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Friday, March 21, 2003


 
Would the Real Jesus Please Stand Up?

The views of John Shelby Spong

Paul Barnett, historian and former Anglican Bishop of North Sydney, skewers the popular revisionist writer:


Who's Spong anyway?

Bishop John Spong is Bishop of Newark in the Episcopal Church of the United States, a sister church in the Anglican communion. In the latest of his books, Liberating the Gospels, Spong is a passionate missionary for (his version of) Christianity to a post-modern world unable to accept miraculous and other culturally strange elements in the Gospels. A pre-modern message cannot be heard by post-modern ears.

Spong is now offering a new way forward. Christianity can be made a "viable option for future generations, but only if we develop an entirely new approach to the Gospels ," he believes (p17). So what does he propose?

Jesus re-wrapped


Spong allows the existence of the historical Jesus of Nazareth and he accepts the fact of the crucifixion, but not much else. He believes fervently that Jesus was a man in whom people encountered God, though I doubt that he sees Jesus as the only or unique man in this regard. As he sees it, when the Jewish gospel writers set about their tasks they portrayed Jesus as a man wrapped up in the stories of the Old Testament.

Thus: Jesus' temptations and his sermon on the mount were a re-run of stories about Moses. His feeding of the multitudes were a re-telling of miracles from Elijah and Elisha. Parables of the 'Prodigal Son', the 'Good Samaritan' and the 'Pharisee and the Publican' were re-created from passages in Deuteronomy. The Triumphant Entry was shaped by Zechariah's prophecy about the king riding on a donkey and most of the Holy Week events can be accounted for along the same lines.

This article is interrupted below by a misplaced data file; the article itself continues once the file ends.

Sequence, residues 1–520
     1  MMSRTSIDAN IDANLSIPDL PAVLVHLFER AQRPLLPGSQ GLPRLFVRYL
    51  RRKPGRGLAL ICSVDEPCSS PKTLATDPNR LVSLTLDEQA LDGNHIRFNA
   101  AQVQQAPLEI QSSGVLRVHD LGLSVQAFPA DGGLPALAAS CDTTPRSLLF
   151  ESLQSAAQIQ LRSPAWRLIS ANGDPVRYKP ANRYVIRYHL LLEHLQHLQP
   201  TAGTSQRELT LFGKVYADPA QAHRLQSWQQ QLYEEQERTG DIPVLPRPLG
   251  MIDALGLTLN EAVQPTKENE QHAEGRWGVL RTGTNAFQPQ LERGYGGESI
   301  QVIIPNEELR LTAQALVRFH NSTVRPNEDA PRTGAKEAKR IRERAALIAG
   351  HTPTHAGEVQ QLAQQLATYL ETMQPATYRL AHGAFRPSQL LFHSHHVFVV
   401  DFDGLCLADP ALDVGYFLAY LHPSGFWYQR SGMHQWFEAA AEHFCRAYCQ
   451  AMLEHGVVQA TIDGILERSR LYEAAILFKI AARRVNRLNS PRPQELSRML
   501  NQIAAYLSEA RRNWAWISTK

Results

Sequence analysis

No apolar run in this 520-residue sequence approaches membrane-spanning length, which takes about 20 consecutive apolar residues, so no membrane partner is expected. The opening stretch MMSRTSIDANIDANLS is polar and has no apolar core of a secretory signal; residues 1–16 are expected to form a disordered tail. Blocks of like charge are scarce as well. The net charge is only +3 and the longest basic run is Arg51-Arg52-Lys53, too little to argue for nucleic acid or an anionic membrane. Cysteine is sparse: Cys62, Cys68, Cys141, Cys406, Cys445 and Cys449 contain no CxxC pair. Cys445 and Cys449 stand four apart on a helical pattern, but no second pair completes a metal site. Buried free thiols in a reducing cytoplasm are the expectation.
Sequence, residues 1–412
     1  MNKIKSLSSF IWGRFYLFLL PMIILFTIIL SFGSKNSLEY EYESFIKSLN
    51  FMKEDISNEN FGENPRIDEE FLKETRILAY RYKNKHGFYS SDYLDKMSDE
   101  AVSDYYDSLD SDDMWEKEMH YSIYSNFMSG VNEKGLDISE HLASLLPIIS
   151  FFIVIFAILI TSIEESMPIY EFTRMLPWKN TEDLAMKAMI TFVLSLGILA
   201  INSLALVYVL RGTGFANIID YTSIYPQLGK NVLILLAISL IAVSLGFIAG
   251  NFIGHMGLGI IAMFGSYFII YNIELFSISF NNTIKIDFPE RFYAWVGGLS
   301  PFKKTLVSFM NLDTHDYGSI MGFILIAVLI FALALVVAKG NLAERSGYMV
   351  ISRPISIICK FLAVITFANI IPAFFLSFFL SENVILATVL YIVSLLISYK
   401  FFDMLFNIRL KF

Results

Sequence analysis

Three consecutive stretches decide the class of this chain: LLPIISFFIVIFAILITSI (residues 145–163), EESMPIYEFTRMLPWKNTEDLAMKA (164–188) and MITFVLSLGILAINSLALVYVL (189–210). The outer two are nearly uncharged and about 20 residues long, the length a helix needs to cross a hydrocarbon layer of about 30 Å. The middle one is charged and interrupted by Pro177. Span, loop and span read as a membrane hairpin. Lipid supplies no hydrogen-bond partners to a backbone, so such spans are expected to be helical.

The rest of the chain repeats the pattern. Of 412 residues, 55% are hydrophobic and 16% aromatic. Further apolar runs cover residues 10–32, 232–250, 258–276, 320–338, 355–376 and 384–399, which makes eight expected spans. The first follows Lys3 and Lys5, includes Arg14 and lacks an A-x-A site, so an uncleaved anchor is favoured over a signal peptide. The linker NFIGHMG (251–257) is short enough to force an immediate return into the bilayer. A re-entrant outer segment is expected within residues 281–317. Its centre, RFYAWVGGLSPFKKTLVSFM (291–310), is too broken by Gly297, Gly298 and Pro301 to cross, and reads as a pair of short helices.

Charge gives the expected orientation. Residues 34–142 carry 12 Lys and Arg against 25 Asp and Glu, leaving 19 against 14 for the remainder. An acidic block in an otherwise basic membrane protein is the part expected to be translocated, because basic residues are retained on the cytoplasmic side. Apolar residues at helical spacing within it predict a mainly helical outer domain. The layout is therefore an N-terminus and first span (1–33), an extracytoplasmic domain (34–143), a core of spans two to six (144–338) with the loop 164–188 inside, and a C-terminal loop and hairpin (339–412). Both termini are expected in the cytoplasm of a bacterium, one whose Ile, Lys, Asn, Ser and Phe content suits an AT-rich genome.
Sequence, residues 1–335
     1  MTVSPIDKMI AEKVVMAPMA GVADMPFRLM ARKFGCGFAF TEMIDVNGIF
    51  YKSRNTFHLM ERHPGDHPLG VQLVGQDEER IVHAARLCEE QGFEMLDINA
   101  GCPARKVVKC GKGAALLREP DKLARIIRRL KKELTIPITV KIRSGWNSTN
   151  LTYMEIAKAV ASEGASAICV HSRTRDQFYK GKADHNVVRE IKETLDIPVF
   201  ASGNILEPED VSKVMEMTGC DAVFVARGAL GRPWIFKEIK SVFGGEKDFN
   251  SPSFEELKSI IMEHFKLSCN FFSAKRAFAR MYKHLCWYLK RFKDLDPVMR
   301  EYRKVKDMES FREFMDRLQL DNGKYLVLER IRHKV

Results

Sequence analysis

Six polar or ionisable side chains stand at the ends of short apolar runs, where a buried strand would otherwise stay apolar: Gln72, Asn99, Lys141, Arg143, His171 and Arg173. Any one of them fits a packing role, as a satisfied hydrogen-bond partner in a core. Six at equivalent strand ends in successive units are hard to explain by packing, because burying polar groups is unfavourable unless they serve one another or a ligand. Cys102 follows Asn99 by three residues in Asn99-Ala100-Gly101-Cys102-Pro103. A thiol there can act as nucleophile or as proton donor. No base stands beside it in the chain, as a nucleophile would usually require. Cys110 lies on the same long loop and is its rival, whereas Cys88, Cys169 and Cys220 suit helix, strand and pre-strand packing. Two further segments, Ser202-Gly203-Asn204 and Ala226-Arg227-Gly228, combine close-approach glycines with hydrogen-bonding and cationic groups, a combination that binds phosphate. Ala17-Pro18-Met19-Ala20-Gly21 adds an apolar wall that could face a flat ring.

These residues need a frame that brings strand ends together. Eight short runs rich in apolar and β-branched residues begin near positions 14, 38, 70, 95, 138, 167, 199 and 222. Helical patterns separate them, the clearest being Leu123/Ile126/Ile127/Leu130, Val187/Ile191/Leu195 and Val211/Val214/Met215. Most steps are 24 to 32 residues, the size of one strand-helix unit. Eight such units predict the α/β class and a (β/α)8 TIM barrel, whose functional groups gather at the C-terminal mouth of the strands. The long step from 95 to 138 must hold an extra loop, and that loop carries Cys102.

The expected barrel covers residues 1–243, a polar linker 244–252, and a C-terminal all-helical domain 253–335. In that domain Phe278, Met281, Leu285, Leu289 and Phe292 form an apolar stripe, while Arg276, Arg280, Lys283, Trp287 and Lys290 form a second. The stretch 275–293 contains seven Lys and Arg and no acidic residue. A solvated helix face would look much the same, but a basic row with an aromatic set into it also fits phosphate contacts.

Spong says that only as we understand Jewish culture of the period and learn how to reinterpret these Jewish Gospels will we be able to liberate them for the postmodern world. We must unwrap Jesus from the Old Testament stories in which these writers have clothed him. Only then can we find One in whom God can now be encountered by postmodern people. (This begs the question: if the Gospels are of little or no historical value, how can we know Jesus is a man in whom God is encountered?)

Sandcastles

Spong develops his case out of the theories in the writings of Michael Goulder. Goulder argued that the Jews of New Testament times read their scriptures according to a set lectionary. Further, he asserted that the writers composed their Gospel text for lectionary readings in the churches. Those texts, which appear to narrate some action or teaching of Jesus, are not historically true. They are actually made up stories from the Old Testament used now to clothe Jesus. The Gospel passages are unhistorical, mere ciphers for retold Old Testament stories.

Goulder's views were published in 1974 and have found little support among scholars. A volume of essays published from Sheffield University Press in 1983 substantially demolished Goulder's hypotheses (Studies in Midrash and Historiography (Gospel Perspectives III) eds R T France and D Wenham, Sheffield: JSOT, 1983). Astonishingly, Spong had not heard of Goulder until 1991. Equally astonishingly, he makes no mention of the comprehensive rebuttal of Goulder's theories, noted above. (In fact, Spong has few footnotes and, indeed, none citing any scholar who support his own views!'